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This article in TPG

  1. Vol. 4 No. 3, p. 283-299
    unlockOPEN ACCESS
    Received: May 27, 2011

    * Corresponding author(s): rpwise@iastate.edu
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Rf8-Mediated T-urf13 Transcript Accumulation Coincides with a Pentatricopeptide Repeat Cluster on Maize Chromosome 2L

  1. Julie Meyer,
  2. Deqing Pei and
  3. Roger P. Wise 
  1. J. Meyer, D. Pei, and R.P. Wise, Interdepartmental Genetics Program, Iowa State Univ., Ames, IA 50011; and Department of Plant Pathology and Microbiology, Iowa State Univ., Ames, IA 50011; J. Meyer, present address: Regulatory Sciences Product Characterization Center, Monsanto, St. Louis, MO 63167; D. Pei, present address: Dep. of Biostatistics, St. Jude's Children Research Hospital, Memphis, TN 38105; R.P. Wise, USDA-ARS, Crop and Insect Genetics, Genomics, and Informatics Research Unit, Iowa State Univ., Ames, IA 50011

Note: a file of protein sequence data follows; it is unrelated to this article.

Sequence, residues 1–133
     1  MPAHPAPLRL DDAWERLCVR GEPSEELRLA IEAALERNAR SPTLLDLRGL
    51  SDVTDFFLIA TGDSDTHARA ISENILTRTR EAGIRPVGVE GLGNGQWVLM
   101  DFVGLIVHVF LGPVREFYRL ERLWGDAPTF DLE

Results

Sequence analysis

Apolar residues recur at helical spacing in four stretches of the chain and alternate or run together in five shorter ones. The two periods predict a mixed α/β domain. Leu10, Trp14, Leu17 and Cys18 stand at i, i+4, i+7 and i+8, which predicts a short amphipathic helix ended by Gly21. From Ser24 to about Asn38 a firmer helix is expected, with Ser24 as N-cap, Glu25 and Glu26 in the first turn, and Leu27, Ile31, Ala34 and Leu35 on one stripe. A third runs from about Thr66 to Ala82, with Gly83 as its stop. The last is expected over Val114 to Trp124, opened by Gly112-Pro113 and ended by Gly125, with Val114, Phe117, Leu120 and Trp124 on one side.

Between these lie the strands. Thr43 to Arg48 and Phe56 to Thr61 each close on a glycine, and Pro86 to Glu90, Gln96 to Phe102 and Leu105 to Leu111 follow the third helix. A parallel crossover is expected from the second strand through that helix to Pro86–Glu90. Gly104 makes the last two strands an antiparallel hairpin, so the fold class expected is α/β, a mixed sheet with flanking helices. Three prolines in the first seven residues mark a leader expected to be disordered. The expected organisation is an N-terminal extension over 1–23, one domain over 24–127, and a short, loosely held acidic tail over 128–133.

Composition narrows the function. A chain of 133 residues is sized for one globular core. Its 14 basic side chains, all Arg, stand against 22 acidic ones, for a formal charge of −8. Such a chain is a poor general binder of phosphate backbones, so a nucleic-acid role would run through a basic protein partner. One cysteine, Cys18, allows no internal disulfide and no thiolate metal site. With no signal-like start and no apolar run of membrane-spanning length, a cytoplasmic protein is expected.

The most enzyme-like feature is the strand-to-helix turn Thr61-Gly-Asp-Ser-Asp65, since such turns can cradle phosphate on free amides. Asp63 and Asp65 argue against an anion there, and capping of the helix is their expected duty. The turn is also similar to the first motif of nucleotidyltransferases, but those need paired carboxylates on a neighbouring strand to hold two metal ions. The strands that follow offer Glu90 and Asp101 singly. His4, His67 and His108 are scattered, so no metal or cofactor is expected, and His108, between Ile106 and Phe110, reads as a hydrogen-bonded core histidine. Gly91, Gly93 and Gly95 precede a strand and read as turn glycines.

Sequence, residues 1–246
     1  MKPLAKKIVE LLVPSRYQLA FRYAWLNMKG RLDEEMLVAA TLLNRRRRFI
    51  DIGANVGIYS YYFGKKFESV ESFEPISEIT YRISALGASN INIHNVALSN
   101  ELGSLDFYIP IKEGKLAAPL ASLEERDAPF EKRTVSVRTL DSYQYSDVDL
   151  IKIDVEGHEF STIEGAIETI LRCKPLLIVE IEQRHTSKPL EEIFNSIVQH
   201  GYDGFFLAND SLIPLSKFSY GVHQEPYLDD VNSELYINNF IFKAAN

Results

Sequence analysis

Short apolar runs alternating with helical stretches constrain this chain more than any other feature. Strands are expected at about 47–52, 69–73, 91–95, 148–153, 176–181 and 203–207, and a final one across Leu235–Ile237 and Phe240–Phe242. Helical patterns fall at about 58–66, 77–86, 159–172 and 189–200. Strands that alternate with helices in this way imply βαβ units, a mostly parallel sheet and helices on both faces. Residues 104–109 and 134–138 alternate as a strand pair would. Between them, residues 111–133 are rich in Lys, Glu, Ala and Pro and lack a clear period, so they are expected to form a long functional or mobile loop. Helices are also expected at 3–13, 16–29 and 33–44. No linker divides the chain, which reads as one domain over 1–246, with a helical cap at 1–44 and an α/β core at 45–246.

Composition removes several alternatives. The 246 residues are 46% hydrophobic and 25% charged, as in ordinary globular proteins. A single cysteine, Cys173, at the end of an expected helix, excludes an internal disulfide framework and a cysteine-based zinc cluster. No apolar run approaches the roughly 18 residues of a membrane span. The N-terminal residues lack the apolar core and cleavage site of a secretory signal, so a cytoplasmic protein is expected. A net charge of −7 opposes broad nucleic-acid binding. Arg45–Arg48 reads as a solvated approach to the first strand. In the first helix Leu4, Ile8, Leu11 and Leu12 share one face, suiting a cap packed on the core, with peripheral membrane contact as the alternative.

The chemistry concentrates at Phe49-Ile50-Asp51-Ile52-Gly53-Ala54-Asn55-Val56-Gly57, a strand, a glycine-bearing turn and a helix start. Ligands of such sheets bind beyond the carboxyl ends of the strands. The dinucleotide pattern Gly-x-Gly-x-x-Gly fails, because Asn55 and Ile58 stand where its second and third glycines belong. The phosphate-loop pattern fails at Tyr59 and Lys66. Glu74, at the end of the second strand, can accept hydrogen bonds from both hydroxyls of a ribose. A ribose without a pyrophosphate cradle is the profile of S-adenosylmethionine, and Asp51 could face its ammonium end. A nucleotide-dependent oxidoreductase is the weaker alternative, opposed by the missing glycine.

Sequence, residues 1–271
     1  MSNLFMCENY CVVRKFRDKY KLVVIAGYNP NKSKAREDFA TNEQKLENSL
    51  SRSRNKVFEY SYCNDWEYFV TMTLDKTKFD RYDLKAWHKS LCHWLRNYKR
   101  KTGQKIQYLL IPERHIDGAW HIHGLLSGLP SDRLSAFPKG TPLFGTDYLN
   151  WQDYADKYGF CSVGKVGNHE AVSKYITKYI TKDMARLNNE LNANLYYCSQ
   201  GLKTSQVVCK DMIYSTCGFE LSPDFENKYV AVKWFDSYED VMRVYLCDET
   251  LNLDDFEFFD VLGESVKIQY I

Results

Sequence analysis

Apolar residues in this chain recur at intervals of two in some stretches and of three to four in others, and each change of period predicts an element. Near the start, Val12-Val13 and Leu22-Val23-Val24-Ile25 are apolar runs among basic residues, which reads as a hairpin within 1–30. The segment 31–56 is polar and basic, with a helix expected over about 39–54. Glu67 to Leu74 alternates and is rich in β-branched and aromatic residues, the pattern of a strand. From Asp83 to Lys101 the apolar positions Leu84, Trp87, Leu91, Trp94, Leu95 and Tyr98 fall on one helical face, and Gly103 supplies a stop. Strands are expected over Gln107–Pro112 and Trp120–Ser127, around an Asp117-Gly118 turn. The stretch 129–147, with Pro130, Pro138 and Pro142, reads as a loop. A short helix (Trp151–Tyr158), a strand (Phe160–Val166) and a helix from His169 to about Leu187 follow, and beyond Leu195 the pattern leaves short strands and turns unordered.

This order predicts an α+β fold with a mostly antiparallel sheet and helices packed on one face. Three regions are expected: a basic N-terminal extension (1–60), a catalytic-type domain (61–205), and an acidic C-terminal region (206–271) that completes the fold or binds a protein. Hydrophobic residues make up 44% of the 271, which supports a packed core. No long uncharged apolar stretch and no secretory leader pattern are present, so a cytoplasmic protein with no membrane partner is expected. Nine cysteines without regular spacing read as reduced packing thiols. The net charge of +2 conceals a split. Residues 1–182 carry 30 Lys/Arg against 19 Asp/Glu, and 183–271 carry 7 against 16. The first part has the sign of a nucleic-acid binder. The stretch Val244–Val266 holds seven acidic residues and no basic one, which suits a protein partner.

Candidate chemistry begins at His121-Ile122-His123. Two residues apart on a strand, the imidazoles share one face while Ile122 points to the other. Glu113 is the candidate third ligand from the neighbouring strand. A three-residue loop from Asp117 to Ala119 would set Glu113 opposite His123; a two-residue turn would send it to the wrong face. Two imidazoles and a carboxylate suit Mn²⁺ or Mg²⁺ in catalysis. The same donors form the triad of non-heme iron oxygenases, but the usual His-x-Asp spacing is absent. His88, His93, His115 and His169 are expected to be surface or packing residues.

Cytoplasmic male sterility (CMS) is a maternally inherited inability to produce functional pollen. In Texas (T)-cytoplasm maize (Zea mays L.), CMS results from the action of the URF13 mitochondrial pore-forming protein encoded by the unique T-urf13 mitochondrial gene. Full or partial restoration of fertility to T-cytoplasm maize is mediated by the Rf2a nuclear gene in combination with one of three other genes: Rf1, Rf8, or Rf*. Rf2a encodes a mitochondrial aldehyde dehydrogenase whereas Rf1, Rf8, and Rf* are associated with the accumulation of distinctive T-urf13 mitochondrial transcripts. Rf8-associated RNA processing activity was mapped to a 4.55-Mbp region on chromosome 2L that contains 10 pentatricopeptide repeat (PPR) encoding genes in the B73 5b.60 genome assembly. Genetic linkage analysis also indicated that Rf* is positioned within this PPR cluster as well as Rf3, which restores USDA (S)-cytoplasm maize. Partially male-fertile plants segregated for the presence or absence of the Rf8-associated T-urf13 1.42- and 0.42-kbp transcripts, indicating that the RNA processing event associated with these transcripts is not necessary for anther exsertion. In addition, a statistically significant delay in flowering was observed between partially male-fertile and mostly male-fertile plants. Taken together, these new results indicate that Rf8-mediated male fertility is under the control of more than one nuclear locus.

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